“Since the fall of the Soviet Union, we’ve all forgotten about it and put it to bed, until, you know, the madman invaded,” said Hamish de Bretton-Gordon, the former commander of the United Kingdom’s Chemicals and NATO. Biological and Nuclear Defense Forces, and now a visiting fellow at Magdalene College, Cambridge.
He said bunkers across Europe had “fallen into disrepair” and were dilapidated. “We are totally unprepared,” said Mr De Bretton-Gordon. “But every day that it goes on, it becomes more of a reality that this is something that we may need to think about in detail.”
Countries closer to Russia are already thinking about it.
Finland, on Russia’s western border, has maintained high military readiness for years, regularly tested alarms, and has a “long tradition of preparedness,” said Petri Toivonen, the secretary-general of the Finnish Security Committee secretariat. He wrote in an email that “we have been building shelters all the time.”
He added that “our capacity currently includes about 4,000,000 people in about 50,000 shelters.”
In Sweden, Russia’s annexation of Crimea marked the start of a “total defense” strategy that had been relaxed after the fall of the Soviet Union. Now the Swedish Civil Contingencies Agency is testing its air raid siren system and is issuing a Cold War-style precautionary pamphlet. The 20-page guide includes a checklist of basics to get from the grocery store to survive on the run or in a shelter.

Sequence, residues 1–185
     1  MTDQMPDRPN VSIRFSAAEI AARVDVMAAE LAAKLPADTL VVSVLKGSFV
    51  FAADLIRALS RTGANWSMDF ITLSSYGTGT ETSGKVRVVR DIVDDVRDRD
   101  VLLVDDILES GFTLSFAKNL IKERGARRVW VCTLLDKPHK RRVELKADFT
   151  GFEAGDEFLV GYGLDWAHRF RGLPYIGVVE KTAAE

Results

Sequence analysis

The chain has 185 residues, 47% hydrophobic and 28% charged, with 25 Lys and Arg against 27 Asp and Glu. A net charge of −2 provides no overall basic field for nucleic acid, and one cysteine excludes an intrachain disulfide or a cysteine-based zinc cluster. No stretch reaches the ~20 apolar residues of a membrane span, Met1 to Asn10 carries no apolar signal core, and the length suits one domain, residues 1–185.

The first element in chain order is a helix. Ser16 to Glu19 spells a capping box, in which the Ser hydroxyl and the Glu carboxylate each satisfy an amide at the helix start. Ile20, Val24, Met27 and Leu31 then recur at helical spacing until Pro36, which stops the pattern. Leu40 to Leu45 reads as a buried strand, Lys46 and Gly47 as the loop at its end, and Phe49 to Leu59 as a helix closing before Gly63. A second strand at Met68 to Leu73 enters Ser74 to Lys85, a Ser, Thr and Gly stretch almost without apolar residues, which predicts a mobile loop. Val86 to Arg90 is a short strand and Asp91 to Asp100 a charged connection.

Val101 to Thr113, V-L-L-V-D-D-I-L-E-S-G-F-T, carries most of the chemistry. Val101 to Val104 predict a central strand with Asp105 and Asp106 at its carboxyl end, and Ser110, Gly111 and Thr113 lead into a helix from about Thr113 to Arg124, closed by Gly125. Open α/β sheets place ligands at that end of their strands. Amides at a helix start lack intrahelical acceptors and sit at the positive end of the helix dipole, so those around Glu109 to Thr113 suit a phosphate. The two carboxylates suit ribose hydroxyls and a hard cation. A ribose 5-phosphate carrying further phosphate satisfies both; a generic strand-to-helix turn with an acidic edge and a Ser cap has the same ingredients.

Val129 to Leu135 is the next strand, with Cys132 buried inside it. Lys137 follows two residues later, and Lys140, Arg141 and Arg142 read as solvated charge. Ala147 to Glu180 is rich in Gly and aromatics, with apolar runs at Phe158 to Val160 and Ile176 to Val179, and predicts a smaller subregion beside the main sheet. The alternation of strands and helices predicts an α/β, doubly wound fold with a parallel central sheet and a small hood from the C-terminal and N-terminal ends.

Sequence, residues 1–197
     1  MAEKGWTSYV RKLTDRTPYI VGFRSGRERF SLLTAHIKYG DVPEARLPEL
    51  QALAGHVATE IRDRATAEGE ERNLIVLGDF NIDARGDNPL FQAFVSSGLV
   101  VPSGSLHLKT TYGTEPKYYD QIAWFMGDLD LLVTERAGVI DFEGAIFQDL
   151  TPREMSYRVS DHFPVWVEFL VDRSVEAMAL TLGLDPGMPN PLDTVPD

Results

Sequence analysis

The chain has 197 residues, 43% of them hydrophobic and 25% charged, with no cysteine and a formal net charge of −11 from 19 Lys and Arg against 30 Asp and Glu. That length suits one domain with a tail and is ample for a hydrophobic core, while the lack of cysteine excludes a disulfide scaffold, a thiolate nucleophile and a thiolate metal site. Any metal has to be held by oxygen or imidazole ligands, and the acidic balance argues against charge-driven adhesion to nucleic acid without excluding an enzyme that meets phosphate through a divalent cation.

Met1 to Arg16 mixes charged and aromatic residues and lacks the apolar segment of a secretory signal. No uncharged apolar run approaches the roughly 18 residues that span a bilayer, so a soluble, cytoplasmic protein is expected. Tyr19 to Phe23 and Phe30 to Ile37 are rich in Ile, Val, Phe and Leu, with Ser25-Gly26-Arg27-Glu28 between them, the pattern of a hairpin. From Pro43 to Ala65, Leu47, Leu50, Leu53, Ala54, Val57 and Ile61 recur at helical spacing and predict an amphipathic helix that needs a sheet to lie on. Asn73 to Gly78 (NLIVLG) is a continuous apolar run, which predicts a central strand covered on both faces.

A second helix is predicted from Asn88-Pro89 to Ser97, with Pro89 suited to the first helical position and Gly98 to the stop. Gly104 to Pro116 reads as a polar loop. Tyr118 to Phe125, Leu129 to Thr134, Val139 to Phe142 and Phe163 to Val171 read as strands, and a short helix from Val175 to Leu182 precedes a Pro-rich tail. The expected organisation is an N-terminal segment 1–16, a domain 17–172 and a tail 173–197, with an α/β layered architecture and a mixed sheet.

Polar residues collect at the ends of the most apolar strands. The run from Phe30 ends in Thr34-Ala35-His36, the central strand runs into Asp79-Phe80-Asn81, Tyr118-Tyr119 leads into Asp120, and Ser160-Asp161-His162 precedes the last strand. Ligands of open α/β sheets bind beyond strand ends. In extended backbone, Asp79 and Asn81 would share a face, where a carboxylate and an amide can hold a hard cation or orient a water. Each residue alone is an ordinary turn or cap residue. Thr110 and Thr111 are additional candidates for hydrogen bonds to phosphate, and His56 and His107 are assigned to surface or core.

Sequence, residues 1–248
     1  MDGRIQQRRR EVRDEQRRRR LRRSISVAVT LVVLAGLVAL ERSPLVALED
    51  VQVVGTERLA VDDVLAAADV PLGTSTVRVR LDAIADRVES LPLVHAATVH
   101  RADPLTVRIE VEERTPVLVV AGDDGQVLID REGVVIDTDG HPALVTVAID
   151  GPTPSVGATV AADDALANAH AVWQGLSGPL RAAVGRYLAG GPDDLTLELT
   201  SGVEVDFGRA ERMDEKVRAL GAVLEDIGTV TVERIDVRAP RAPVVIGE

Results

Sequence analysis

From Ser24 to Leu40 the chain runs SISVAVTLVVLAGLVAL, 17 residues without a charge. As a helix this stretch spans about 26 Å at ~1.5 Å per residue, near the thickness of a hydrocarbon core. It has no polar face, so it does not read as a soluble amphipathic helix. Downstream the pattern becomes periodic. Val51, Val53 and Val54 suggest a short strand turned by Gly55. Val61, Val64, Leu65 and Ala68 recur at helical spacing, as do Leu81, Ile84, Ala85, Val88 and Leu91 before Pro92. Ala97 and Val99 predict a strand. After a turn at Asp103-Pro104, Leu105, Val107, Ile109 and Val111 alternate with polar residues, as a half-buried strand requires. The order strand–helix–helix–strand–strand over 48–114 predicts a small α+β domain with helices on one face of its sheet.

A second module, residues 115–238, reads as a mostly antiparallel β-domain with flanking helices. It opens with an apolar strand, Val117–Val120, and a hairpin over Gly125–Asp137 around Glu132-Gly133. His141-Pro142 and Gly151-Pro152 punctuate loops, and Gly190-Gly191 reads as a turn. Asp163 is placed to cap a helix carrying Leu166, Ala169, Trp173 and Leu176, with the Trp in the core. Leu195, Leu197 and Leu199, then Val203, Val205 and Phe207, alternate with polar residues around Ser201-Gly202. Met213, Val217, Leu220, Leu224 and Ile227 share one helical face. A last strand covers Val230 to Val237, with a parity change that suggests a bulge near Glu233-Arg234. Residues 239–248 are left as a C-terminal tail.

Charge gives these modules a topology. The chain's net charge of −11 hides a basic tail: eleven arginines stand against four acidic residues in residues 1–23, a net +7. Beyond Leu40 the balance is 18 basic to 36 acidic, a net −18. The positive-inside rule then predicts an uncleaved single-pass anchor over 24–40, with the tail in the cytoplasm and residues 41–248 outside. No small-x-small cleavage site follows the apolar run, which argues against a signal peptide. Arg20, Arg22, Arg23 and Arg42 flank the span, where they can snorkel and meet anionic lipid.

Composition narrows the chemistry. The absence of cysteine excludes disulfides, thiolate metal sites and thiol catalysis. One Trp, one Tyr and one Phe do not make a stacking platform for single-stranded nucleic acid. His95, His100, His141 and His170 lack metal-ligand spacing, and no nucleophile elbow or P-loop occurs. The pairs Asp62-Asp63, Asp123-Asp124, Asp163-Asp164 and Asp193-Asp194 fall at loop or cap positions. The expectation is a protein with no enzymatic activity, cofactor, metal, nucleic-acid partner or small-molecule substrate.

Even further afield, the demand for bunkers and air raid shelters is increasing, penetrating a market wider than just the wealthy.
“Imagine it as a chalet, but underground,” says Mathieu Séranne, the founder of Artemis Protection, a French maker of prefabricated luxury bunkers with air filtration systems, which cost at least half a million euros per shelter.
Previously, only “really rich people” were interested in them, he said.
“But then, two weeks ago, we got tons and tons of demand from normal people,” said Mr. Séranne. “We had to change our entire commercial strategy.”